Beer on its own is usually good enough for me, and in some cases can be a meal in and of itself. But when it comes to picking out and preparing food to accentuate and compliment an already stellar brew, I jump at the chance to see what people come up with, especially if it’s one of the best restaurants in the city working with one of the best breweries in the state.
Last Tuesday, my wife and I headed to our usual haunt – Columbia’s World of Beer – for a pairing dinner prepared by the Motor Supply Co. Bistro, which is right down the road from the bar, and the always stellar Westbrook. It followed up an Allagash dinner the bar hosted last year.
Motor Supply is regarded as one of the best and most inventive restaurants in the city, with a different hand-written menu created for each meal each day. They’re much like Westbrook in the sense that they’re always switching things up, and whatever new product they put out is different from the last. It’s a seemingly perfect match, and that became even more apparent during the meal. Brewery owners Edward and Morgan Westbrook provided commentary throughout the night about the history of the particular beers and what went into brewing them, and Motor Supply Chef Tim Peters detailed why he created a particular dish and how he thought it complimented the beer it was paired with.
We started with the White Thai paired with Thai boiled peanuts. While I generally hate boiled peanuts – what kind of Southerner am I? – the sweetness and slight spice was a perfect complement to the rich yeasty sweetness from the beer. The second course was the Citra Rye Pale Ale and a vegetable samosa with mango puree and curry oil. Again, the hop bitterness of the beer worked well with the spicy curry flavors, and the big, juicy fruit flavors were made even bigger thanks to the mango.
From there we moved on to the always enjoyable IPA, which Tim paired with an open face duck wonton with tamari and a chili emulsion. The wonton was one of the best courses of the evening. Maybe because it was basically duck confit with cream cheese in a crispy shell, but the rich, fatty flavor was cut perfectly by one of the best IPAs in the state. That was followed by the main course: milk-fried pork belly with spiced sour kraut and apple demi glace. Having a gigantic plate of meat, potatoes and sour kraut dropped right in front of you is nice enough, but we were just as excited to have it with the Gratzer, a German-style smoked wheat beer and one of Westbrook’s more under-appreciated brews. The smokiness of the beer and the sweetness of the wheat melded perfectly with the big vinegar and sweet but tart apple flavors.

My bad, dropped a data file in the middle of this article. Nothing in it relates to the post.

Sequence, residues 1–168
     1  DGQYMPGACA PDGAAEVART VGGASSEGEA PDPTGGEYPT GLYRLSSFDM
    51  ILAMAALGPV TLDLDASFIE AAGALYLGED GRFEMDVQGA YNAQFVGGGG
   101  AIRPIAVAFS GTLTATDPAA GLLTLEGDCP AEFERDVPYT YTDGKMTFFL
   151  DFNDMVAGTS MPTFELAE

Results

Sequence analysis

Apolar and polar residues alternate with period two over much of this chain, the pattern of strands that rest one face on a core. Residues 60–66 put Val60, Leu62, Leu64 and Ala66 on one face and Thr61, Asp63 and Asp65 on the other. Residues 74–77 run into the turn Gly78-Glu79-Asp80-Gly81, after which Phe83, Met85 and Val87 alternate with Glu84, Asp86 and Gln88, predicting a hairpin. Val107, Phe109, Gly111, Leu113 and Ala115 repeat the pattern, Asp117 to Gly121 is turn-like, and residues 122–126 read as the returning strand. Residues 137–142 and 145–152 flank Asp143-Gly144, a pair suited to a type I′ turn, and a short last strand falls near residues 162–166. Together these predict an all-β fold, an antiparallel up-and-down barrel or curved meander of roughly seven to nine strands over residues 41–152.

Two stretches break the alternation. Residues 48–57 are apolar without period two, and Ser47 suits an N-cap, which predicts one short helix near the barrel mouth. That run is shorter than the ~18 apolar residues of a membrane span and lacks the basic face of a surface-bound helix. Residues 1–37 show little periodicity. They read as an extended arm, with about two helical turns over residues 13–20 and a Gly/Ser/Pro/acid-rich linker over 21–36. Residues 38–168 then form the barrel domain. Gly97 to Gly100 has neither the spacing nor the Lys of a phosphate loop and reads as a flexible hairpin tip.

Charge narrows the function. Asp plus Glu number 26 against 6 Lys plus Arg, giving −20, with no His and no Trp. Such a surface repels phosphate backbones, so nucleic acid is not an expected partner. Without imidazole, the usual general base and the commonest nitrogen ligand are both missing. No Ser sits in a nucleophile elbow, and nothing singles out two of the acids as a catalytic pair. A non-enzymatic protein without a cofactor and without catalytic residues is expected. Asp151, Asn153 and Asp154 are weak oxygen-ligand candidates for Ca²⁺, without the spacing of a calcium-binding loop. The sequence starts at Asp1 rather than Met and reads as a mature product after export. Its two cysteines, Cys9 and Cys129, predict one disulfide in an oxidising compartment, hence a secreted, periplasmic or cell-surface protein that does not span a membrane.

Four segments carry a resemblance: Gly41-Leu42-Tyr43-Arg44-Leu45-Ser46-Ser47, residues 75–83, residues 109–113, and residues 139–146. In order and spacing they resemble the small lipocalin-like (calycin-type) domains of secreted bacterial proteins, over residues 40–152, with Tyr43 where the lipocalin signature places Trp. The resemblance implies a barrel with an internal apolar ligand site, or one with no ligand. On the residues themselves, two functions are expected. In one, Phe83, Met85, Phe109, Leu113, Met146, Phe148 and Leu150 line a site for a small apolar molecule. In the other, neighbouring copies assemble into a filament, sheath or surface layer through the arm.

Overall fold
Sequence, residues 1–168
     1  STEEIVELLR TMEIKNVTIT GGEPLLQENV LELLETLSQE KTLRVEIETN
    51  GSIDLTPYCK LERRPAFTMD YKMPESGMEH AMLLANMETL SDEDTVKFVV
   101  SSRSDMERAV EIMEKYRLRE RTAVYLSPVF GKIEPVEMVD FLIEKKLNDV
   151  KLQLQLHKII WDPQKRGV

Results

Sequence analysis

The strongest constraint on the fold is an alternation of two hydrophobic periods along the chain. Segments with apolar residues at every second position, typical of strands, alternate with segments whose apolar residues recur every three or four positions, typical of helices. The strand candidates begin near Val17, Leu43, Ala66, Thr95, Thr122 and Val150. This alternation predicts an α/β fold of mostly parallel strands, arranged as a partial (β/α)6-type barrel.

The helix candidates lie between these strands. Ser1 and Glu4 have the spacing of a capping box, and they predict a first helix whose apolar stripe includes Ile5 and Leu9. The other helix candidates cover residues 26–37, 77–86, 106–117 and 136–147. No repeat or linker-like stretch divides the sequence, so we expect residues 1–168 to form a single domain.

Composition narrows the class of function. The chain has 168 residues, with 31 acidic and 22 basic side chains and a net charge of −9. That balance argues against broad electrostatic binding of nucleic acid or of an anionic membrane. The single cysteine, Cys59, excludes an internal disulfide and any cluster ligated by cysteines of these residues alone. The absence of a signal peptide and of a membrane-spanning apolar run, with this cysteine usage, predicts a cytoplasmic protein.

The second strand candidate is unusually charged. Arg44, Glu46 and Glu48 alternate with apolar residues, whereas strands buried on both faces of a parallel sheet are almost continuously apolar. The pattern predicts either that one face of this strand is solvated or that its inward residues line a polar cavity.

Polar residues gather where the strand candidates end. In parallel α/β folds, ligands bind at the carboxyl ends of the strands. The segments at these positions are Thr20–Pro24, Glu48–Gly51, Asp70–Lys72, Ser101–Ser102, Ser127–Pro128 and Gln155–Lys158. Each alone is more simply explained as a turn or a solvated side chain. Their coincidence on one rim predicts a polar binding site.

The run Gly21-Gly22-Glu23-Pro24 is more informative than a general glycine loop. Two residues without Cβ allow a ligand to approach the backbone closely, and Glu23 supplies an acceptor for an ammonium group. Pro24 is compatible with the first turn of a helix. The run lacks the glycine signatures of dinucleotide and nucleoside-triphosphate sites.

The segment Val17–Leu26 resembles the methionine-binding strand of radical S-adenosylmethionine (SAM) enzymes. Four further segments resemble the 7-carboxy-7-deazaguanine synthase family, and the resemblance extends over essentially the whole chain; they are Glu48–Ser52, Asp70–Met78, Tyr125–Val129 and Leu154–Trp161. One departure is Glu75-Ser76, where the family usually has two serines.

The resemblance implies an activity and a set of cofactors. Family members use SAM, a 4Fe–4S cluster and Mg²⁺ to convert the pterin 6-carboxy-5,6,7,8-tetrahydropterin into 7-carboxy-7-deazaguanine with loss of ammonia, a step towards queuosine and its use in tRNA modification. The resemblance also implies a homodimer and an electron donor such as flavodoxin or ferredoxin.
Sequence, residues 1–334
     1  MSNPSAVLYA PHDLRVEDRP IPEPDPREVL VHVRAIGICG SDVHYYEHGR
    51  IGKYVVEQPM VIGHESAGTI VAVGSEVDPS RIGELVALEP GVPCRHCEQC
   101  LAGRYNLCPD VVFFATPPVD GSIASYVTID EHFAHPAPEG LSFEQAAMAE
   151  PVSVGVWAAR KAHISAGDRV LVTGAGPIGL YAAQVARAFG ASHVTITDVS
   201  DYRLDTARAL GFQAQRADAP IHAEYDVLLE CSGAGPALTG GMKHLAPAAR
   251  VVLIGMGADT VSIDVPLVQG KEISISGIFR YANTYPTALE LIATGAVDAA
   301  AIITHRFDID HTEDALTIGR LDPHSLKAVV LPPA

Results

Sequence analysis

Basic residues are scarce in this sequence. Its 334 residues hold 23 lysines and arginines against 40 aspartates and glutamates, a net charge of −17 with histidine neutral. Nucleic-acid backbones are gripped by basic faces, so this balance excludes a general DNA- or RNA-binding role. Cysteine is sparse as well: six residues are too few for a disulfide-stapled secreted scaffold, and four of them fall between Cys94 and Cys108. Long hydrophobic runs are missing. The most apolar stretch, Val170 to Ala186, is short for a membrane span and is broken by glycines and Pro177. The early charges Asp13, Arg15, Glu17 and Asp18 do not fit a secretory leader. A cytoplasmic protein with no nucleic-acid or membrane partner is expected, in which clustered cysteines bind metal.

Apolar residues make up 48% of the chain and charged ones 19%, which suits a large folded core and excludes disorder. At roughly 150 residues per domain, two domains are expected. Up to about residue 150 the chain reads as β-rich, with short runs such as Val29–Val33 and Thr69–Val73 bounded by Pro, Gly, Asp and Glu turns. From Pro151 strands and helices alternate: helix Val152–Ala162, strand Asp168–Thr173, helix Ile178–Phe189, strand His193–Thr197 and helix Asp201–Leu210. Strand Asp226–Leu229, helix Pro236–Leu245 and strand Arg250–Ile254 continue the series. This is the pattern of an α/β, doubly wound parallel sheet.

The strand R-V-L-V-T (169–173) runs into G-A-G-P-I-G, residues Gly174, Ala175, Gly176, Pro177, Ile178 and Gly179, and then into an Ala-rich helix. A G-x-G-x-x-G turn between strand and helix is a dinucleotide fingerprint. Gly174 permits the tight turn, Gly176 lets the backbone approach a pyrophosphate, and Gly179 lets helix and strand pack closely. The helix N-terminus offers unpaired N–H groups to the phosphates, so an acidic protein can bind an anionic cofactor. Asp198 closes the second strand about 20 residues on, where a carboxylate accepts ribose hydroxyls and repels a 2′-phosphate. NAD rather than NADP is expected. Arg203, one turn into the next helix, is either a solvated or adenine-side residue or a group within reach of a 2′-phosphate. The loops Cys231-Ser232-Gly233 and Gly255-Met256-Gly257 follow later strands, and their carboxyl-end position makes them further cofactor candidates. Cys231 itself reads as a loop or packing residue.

And then we got to dessert (in more ways than one). Tim brought out sweet roasted garlic covered in chocolate, sea salt and Basque pepper. It was interesting – the garlic wasn’t too garlic-y, and the salt and chocolate were good contrasts – but you could pair anything with Mexican Cake and it would be good. As I’ve said many times before, the beer is phenomenal, even with a year of age on it. And while the pepper heat is just barely there, it was brought out more by the pepper from the dessert.
Following the dinner, we had time to talk with Ed and Morgan about what they had in the works as well as the bombs they dropped throughout the evening. And, of course, we drank a few more beers, cracking open bottles of the Apple Brand Barrel-Aged Tripel, which has a wealth of smooth, sweet fruit flavors throughout, and the 100% Brett Lichtenhainer, a version of their smoked sour made richer and more flavorful thanks to the Brett. Two incredibly unique and enjoyable brews to cap off a night of equally enjoyable brews and foods.
TL;DR – Westbrook’s great, flavorful beers and Motor Supply’s inventive and unique dishes made for a perfect pair of like-minded artisans, with the results being delicious and quenching.